This comic portrait of teen sexuality could have been a British version of “American Pie.” Instead, it’s about the emotional underpinnings of emerging sexuality and gender, told with good humor and plenty of wisdom. Asa Butterfield is hugely sympathetic as 16-year-old Otis, who is terrified of sex, and Gillian Anderson shows her expert comic timing as his sex therapist mother. The twist is that Otis winds up counseling his high school friends on their sexual experiences, despite — or perhaps because of — his own hang-ups. It’s a sunny pleasure.

Nicholas Hoult and Elle Fanning in a scene from "The Great."
Nicholas Hoult and Elle Fanning in a scene from "The Great." Ollie Upton/Hulu via AP

9. “The Great” (Hulu)

This series was largely ignored by the Emmys, which makes me love it even more. “The Great” is a super-cheeky satire set in the 18th century about the rise to power of Catherine the Great. What you need to know is that it was written by Tony McNamara, the co-writer of “The Favourite,” and it has that movie’s bawdy, profane disposition as it ridicules the excesses and sexism of the time. Elle Fanning as the ambitious Catherine and Nicholas Hoult as her ragingly narcissistic husband, Peter, seem to savor the brilliant script, which is studded with divine insults.

Haaz Sleiman in "Little America."
Haaz Sleiman in "Little America." Apple TV+

10. “Little America” (Apple TV+)

“Minari” made me think of this lovely anthology series. Each half-hour zeroes in on one immigrant to tell an entirely discrete story about his or her experiences in America, in coming to America, or in having to adjust to America. Many of the episodes — some joyful, others less so — seem to have the reach of full-length movies as they aim to make each ordinary character fully human. In some, America is a savior, in others it’s a tangle of red tape, and in still others it is a new cultural universe to be learned and understood.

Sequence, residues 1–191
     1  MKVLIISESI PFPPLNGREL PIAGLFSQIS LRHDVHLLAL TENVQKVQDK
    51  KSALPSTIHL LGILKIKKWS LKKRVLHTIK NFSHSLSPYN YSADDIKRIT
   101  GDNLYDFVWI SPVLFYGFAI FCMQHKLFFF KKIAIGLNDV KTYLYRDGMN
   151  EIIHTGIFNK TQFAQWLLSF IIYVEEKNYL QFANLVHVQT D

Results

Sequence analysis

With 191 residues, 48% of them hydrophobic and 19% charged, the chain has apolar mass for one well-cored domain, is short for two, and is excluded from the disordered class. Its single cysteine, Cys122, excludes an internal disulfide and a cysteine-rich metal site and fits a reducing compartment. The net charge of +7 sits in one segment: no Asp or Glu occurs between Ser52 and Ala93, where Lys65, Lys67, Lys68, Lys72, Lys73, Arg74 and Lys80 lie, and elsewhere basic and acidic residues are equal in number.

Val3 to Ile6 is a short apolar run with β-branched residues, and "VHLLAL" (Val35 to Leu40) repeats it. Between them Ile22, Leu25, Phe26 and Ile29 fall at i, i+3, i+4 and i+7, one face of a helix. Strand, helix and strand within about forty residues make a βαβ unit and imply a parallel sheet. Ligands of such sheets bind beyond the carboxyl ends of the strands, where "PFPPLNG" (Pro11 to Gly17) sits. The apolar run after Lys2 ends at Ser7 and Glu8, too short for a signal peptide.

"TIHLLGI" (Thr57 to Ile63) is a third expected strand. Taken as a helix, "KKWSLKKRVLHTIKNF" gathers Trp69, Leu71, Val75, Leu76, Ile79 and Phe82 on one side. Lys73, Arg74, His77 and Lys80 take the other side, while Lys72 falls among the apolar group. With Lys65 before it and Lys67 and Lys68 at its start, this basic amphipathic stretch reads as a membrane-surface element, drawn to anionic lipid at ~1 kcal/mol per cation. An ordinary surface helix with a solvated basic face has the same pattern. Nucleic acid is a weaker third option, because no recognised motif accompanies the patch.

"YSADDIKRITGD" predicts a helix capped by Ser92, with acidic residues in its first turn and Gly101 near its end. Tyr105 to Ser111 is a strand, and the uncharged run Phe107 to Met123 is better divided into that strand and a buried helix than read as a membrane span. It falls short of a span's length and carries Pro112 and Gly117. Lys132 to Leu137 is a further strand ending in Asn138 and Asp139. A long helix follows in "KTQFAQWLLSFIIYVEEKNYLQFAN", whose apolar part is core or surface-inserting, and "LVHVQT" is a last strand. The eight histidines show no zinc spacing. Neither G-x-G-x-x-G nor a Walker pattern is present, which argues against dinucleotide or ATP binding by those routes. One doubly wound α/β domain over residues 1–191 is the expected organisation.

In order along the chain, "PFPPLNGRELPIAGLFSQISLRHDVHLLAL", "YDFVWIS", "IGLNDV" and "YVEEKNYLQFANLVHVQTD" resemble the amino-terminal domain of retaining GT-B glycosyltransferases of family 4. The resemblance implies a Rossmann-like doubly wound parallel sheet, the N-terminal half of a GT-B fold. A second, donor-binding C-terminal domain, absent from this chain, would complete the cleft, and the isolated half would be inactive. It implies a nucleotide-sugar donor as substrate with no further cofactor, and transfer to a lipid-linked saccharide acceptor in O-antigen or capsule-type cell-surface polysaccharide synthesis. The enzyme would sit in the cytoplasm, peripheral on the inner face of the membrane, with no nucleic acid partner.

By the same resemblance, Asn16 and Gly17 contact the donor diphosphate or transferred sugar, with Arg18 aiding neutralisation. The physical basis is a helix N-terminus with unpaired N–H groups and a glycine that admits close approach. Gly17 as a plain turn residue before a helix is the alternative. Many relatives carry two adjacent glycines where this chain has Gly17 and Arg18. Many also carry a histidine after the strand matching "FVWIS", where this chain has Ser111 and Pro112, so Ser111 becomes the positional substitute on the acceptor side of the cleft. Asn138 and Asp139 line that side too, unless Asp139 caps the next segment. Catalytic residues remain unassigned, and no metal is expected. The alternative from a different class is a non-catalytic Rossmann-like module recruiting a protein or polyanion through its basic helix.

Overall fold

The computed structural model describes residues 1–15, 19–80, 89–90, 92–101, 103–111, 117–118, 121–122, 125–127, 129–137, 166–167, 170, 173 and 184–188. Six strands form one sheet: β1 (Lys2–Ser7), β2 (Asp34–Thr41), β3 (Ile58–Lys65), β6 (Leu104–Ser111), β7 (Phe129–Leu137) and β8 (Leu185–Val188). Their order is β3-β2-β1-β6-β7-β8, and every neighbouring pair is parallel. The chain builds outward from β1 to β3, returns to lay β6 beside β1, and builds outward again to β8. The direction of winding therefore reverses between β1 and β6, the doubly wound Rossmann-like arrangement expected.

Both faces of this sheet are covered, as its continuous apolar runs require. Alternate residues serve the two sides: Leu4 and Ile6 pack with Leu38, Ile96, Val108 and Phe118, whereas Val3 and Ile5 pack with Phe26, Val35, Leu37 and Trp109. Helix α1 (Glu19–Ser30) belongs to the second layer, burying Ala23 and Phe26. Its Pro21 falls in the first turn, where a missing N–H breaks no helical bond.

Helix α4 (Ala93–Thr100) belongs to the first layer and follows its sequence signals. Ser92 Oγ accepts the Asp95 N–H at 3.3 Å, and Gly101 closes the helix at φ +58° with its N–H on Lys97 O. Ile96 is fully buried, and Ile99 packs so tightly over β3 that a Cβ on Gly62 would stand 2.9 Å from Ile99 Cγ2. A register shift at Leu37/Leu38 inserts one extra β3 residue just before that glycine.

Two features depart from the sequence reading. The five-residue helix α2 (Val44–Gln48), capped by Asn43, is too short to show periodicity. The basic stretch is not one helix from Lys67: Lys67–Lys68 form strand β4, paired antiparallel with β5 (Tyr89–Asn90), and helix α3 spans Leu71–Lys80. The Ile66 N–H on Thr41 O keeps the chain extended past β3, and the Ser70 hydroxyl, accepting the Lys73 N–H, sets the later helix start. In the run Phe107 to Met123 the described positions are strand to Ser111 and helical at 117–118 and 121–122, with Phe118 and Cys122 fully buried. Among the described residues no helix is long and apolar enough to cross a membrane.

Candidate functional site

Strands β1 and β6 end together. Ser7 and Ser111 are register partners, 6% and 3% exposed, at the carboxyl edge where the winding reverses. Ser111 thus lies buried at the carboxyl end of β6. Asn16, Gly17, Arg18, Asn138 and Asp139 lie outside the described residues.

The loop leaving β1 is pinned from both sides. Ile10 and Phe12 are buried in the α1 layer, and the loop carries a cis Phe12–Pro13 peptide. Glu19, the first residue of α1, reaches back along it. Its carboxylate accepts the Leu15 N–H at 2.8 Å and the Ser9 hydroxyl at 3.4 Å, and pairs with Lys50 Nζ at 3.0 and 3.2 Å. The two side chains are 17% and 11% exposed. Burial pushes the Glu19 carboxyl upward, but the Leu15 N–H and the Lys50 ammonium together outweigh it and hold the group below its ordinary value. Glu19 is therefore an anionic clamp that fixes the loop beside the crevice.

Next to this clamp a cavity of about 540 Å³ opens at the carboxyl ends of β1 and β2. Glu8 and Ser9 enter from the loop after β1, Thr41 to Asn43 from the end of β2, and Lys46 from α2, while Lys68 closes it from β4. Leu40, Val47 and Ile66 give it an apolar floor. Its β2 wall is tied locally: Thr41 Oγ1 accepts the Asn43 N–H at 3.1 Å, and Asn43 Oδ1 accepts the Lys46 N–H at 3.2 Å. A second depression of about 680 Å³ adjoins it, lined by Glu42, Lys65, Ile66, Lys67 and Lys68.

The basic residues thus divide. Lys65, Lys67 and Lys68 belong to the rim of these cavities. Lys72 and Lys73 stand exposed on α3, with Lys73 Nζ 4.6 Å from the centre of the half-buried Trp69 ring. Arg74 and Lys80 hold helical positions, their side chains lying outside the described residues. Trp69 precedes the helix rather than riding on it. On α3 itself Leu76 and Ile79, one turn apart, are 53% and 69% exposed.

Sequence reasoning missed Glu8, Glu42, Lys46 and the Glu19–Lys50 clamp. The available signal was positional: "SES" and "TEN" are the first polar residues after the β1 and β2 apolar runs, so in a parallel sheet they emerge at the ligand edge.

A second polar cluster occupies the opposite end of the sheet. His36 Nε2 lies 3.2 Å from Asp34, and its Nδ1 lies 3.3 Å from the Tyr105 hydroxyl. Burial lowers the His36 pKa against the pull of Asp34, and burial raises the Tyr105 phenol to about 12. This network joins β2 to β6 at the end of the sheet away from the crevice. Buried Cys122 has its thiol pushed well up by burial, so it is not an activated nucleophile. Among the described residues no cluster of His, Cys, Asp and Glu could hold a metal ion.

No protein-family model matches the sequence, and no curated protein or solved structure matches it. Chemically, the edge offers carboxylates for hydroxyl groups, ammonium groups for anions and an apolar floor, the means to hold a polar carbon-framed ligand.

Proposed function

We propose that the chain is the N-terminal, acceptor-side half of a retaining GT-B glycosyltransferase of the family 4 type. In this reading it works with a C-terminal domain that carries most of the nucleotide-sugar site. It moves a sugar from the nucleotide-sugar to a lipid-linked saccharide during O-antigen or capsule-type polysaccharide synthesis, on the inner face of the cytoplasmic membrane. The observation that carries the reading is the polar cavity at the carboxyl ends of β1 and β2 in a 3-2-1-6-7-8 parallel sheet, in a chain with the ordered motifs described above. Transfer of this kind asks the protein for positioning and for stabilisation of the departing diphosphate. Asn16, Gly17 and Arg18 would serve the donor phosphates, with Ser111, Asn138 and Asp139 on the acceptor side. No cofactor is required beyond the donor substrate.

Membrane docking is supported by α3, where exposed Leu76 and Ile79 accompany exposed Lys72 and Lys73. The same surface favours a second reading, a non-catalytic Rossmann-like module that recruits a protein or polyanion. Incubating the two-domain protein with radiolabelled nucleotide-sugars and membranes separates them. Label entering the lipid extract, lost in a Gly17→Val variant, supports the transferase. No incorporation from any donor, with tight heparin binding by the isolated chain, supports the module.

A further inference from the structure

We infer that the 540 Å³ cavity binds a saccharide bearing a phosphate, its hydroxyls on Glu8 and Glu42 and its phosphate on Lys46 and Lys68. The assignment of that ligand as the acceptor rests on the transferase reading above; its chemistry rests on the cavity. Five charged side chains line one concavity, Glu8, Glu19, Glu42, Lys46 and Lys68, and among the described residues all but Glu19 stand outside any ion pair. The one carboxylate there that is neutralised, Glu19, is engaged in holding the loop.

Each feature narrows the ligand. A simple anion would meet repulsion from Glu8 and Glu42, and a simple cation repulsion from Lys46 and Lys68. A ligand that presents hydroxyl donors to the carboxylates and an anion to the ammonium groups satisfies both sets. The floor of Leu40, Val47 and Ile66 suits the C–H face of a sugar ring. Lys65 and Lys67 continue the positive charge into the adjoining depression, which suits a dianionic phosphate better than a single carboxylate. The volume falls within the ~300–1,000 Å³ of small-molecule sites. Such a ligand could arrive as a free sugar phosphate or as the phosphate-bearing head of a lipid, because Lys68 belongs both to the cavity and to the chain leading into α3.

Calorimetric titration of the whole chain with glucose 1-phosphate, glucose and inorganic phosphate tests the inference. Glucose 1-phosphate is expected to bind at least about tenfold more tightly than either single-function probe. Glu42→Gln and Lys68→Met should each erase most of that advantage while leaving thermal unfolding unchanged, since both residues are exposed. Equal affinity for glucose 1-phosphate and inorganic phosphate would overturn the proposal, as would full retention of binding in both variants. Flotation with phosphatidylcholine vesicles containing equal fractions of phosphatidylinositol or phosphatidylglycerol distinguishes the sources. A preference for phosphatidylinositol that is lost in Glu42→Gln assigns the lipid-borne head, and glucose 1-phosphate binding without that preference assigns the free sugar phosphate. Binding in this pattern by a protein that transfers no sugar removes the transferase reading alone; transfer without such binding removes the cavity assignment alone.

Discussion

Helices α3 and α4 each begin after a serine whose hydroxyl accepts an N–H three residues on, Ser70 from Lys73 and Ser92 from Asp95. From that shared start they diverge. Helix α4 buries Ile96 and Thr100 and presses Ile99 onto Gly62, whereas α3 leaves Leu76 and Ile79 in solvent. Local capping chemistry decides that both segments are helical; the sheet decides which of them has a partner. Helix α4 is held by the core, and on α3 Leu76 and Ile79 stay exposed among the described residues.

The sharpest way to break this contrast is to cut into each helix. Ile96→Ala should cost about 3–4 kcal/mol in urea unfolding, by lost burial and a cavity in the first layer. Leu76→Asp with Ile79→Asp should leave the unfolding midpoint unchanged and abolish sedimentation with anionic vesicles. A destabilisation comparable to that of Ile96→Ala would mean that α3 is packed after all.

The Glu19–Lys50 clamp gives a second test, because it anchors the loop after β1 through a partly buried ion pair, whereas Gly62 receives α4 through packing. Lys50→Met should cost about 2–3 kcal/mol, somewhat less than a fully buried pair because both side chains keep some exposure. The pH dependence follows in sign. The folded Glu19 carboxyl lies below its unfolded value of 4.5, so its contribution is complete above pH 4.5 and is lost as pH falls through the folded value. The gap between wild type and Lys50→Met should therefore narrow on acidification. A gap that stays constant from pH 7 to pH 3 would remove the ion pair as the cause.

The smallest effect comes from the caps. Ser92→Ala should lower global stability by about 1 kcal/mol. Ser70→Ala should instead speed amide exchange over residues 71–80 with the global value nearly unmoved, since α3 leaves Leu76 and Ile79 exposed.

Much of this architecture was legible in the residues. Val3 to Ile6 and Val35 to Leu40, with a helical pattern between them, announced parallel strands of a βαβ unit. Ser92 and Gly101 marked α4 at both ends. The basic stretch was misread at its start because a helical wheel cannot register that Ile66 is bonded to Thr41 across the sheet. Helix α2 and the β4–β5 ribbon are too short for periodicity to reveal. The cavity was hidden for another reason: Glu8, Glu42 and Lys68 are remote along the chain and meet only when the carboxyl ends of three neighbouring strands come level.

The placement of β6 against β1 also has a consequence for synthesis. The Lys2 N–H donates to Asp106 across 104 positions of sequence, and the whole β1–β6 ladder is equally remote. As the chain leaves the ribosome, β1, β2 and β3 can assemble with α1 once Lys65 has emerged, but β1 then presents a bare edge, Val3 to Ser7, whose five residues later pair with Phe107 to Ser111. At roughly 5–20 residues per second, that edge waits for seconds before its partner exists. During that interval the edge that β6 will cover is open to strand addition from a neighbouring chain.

On a different day, any one of these might have been in the Top 10.

“Dickinson” (Apple TV+): I came late to this treat, a look into the heart and soul of Emily Dickinson, quiet rebel genius.

“Ted Lasso” (Apple TV+): An unexpected upper with Jason Sudeikis as an optimistic American football coach leading a soccer team in England.

“Ozark” (Netflix): The first two seasons were an uneven buildup to the blazing third season, with Laura Linney finally taking over.

“Transparent” (Amazon): It hasn’t aged well, given the allegations against star Jeffrey Tambor, but it’s nonetheless a groundbreaking story about family, gender, and sexuality.

“Normal People” (Hulu): It’s a simple story — a romance between young adults in Ireland — that’s told with remarkable detail and intimacy, featuring emotionally precise performances by Daisy Edgar-Jones and Paul Mescal.

“PEN15” (Hulu): It sounds like a “Saturday Night Live” sketch, but this 2000-set comedy featuring 31-year-old actresses playing seventh-graders is honest, insightful, and just satirical enough.

“Unbelievable” (Netflix): This procedural miniseries takes us inside a justice system that fails rape survivors, featuring memorable turns by Kaitlyn Dever, Merritt Wever, and Toni Collette.

“Alias Grace” (Netflix): A quiet but piercing adaptation of a Margaret Atwood book about a maid accused of murdering her master and his mistress in the mid-1800s.

“Difficult People” (Hulu): A spiky post-“Seinfeld” sitcom about a pair of New York misanthropes — played by Julie Klausner and Billy Eichner — and their pop-cylopedic banter.

“The Kominsky Method” (Netflix): A witty and heartfelt look at aging that revolves around the bond between old friends played by Michael Douglas and Alan Arkin. There’s one last season on the way, without Arkin.

Matthew Gilbert can be reached at matthew.gilbert@globe.com. Follow him on Twitter @MatthewGilbert.